Toxoplasma gondii infection is a protozoan infection to which most adults have antibody protection. When immunocompetent adults do become infected, they are usually asymptomatic or experience only mild constitutional symptoms and lymphadenopathy. Primary infection during pregnancy, however, can have serious consequences for the fetus, including seizures, hydrocephaly, microcephaly, jaundice, chorioretinitis, increased risk of prematurity, and low birth weight. The most severe cases of congenital toxoplasmosis are seen in fetuses infected early in gestation. There can be a 60% reduction in the rate of complications if treatment is instituted. When primary infection is recognized after 14 weeks’ gestation, treatment with pyrimethamine and sulfadiazine along with leucovorin should be started. The safety of these medications before 14 weeks’ gestation has not been demonstrated. Prevention remains the goal, and pregnant women should be instructed to avoid potential sources of exposure, such as undercooked meat and cat feces.
Pregnant women are predisposed to infections of the urinary tract because of dilation of the ureters and collecting systems, smooth muscle relaxation caused by increased progesterone concentrations, and glycosuria.
Between 5% and 10% of pregnant women have asymptomatic bacteriuria. If untreated, up to 40% of these women suffer acute pyelonephritis during pregnancy or the puerperium. Acute pyelonephritis is more severe in pregnant women and is associated with maternal complications as well as increased preterm labor and low birth weight. Screening urine cultures in all women during early gestation, with appropriate treatment and follow-up, minimizes the occurrence of significant infection during the third trimester. Patients with treated bacteriuria or a history of frequent urinary tract infections may need to be screened more frequently. Treatment of asymptomatic bacteriuria can be accomplished with ampicillin or nitrofurantoin. Quinolones are contraindicated. A 7- to 10-day course of antibiotics is used; short course (1- to 3-day) regimens should be avoided. Pyelonephritis should be aggressively managed with hospitalization, rehydration, and intravenous antibiotic therapy based on in vitro sensitivities.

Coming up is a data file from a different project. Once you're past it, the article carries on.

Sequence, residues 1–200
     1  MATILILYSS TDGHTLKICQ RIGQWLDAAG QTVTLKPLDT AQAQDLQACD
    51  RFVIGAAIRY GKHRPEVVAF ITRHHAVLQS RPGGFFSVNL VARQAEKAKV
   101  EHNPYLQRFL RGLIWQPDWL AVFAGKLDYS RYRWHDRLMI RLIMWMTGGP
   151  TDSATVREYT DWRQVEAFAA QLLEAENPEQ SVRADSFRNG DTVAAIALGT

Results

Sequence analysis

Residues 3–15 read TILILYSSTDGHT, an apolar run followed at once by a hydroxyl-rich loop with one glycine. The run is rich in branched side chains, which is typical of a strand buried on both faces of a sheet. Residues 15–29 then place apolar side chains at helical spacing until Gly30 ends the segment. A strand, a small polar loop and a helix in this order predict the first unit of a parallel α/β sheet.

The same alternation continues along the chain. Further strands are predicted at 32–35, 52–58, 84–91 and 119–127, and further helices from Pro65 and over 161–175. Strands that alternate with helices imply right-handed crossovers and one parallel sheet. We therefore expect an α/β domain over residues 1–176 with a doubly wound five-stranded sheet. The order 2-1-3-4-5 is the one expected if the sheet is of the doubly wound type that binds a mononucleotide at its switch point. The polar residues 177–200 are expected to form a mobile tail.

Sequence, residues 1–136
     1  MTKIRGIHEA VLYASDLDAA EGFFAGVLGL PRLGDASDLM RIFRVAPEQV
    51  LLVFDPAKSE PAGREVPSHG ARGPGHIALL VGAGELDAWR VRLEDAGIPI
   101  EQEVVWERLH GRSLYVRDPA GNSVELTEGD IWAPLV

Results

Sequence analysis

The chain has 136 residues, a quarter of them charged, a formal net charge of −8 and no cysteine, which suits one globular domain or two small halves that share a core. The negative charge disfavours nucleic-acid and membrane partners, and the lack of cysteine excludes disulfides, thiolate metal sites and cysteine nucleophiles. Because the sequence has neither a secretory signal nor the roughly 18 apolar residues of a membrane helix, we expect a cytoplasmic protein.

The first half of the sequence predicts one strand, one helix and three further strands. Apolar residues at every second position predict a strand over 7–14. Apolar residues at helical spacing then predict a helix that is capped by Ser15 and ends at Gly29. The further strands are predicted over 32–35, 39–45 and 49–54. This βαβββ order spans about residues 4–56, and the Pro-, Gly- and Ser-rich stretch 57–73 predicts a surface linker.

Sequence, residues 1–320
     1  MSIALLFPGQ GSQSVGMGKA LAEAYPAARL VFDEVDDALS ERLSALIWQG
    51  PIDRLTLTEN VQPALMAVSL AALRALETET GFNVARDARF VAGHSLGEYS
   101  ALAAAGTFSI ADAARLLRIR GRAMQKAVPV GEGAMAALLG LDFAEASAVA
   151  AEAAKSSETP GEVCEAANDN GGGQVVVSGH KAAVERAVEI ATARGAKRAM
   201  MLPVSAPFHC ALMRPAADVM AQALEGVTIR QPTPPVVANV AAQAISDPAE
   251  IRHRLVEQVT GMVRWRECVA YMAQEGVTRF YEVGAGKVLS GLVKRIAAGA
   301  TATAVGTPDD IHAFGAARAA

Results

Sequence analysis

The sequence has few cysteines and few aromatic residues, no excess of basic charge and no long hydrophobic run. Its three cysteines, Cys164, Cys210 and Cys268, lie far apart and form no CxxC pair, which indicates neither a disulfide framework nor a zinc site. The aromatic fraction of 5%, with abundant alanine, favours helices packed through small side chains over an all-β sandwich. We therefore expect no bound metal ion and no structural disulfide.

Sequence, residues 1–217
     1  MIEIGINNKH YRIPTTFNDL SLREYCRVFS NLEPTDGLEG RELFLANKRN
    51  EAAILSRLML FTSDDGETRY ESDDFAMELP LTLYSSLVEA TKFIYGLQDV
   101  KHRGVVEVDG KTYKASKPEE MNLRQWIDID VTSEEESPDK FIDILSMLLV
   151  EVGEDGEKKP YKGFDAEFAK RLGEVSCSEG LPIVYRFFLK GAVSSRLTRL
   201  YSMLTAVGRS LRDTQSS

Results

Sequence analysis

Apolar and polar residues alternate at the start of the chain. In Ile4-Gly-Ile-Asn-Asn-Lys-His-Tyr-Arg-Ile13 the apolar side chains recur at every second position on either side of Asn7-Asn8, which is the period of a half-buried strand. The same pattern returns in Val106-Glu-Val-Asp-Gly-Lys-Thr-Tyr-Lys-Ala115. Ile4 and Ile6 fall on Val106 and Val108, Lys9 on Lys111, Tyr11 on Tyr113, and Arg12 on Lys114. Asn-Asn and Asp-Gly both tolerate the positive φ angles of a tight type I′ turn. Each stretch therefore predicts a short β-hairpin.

Table 372-2 lists some common antibiotics and special considerations for their use during pregnancy.
Revision date: June 11, 2011
Last revised: by Janet A. Staessen, MD, PhD